The story of survival is the movie’s strongest part, building up an empathy for these characters who have had to endure and overcome so much, and who are so anxious to find a place in a North American society where the bottom line often comes before people and community. When necessary to help others, they’ve learned it’s OK to tell a “good lie.” And their faith and solidarity, more than the American helpers’ goodwill, provides the true inspiration.
Love is Strange (U.S./France)
Director Ira Sachs draws wonderful understated performances from Alfred Molina and John Lithgow as aging couple George and Ben living together peacefully in Manhattan for almost four decades when they decide to wed. George has been a music teacher and choirmaster at a Catholic high school for years without his sexuality becoming an issue. But word of the offending marriage reaches the bishop and George finds himself out of a job. Unable to afford the area, the couple are forced to sell their apartment and temporarily live apart in order to find cramped space with relatives and friends. It’s a painful and awkward separation, particularly for 71-year-old Ben, a painter, who must share a room and bunk beds with a nephew’s adolescent son Joey (Charlie Tahan) who doesn’t handle the intrusion well. His parents, Eliot (Darren Burrows) and Kate (Marisa Tomei), grow exasperated with the situation until something happens to alter everyone’s lives. There’s a palpable sense of loss, but Sachs lets us down gently, leaving open the possibility that love, however strange, can bring light into fragile lives.
The Skeleton Twins (U.S.)
Winner of a screenwriting award at Sundance, director and co-writer Craig Johnson’s offbeat dramedy pairs Saturday Night Live alumni Bill Hader and Kristen Wiig as troubled twins Milo and Maggie whose suicidal tendencies (their father jumped off a bridge when they were 14) bring an end to a 10-year separation. Maggie brings Milo, a wannabe actor and melancholic gay man, back from L.A. to their small New York town, where he was molested by his high-school English teacher. It’s cool though with loving hubby Lance (Luke Wilson), the kind of slightly goofy Joe-average nice guy who’s always the last to catch their drift. Going from years of no contact to being in each other’s face, the sibling “gruesome twosome” (sporting matching skeleton tattoos) range over the emotional register, not helped by a brief unwelcome visit from their mother spouting new-agey gibberish. Along with the pity plays, mistaken encounters with the former teacher and domestic melodramas, there are some high-spirited moments and flashes of mostly deadpan humour. Hold the funeral because just maybe they can put mutual miseries behind them.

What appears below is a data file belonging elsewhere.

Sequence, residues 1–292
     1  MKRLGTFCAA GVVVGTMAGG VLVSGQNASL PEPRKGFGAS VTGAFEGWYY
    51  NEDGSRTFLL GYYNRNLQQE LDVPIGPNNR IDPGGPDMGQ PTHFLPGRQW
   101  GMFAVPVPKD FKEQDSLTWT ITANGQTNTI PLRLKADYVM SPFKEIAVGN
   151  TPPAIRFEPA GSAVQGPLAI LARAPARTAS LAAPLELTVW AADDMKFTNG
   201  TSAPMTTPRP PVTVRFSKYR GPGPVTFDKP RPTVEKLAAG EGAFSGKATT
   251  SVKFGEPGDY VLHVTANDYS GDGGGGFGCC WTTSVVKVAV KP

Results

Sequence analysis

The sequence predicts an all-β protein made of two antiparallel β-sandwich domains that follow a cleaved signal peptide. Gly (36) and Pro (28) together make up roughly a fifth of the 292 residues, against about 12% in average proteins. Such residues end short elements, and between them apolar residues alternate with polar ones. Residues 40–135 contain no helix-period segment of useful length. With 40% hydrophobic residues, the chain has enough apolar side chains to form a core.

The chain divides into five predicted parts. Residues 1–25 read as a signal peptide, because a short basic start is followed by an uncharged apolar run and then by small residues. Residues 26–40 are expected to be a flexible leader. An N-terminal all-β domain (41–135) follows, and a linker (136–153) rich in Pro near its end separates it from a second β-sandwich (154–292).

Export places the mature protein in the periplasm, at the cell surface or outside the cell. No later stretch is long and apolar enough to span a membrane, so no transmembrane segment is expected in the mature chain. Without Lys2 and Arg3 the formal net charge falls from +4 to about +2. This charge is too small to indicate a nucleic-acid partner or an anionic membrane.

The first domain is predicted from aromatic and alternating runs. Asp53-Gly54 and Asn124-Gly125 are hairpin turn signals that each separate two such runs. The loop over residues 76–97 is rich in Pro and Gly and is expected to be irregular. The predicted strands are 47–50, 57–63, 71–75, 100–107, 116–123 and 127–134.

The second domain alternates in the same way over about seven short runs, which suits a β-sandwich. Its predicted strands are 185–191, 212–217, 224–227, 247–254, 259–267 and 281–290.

My Old Lady (U.K./France/U.S.)
Writer-director Israel Horovitz’s screen adaptation of his play is set in a grand if rundown Paris apartment. It’s been inhabited for decades by a 90-something lady Mathilde Girard (the great Maggie Smith) and her waspish daughter Chloé (Kristin Scott Thomas) until intruded on by New Yorker Mathias (Kevin Kline), a thrice-divorced failed writer who mistakenly thinks he’s hit the jackpot upon inheriting the apartment’s ownership in his father’s will.
Turns out what he owns is a “viager” arrangement which entitles Mathilde to residency and a sizeable monthly stipend until death. A slick condo developer has long been eyeing the prime property (which comes with a large adjoining garden), but there’s no quick-sale fortune to be had for the penniless Mathias. And when he learns about his father’s long-ago liaisons explaining his mother’s suicide attempts (ultimately successful), the relationship among the three gets a whole lot closer. Abandoning her married lover, Chloé especially appears in a new light — though obligingly for the story’s rose-coloured resolution, not a sisterly one. A slight affair but not without some charms.
A few last words about The Calling, a middling American thriller by Jason Stone filmed in the same bleak chilling Ontario landscape as Egoyan’s The Captive. A serial killer, Simon (Christopher Heyerdahl), is on the loose administering grotesque last rites to an apostle’s dozen of the chosen according to some twisted resurrection fantasy supposedly rooted in early Christian mysticism. It’s up to the police of the fictional Fort Dundas to solve the body count — a trio of chief Hazel Micallef (Susan Sarandon), by-the-book senior officer Ray Green (Gil Bellows), and gay greenhorn Ben Wingate (Topher Grace). I’d leave it behind except for a standout performance by Sarandon as Micallef, an alcoholic battling her demons who finds an inner strength up against death’s dark messenger.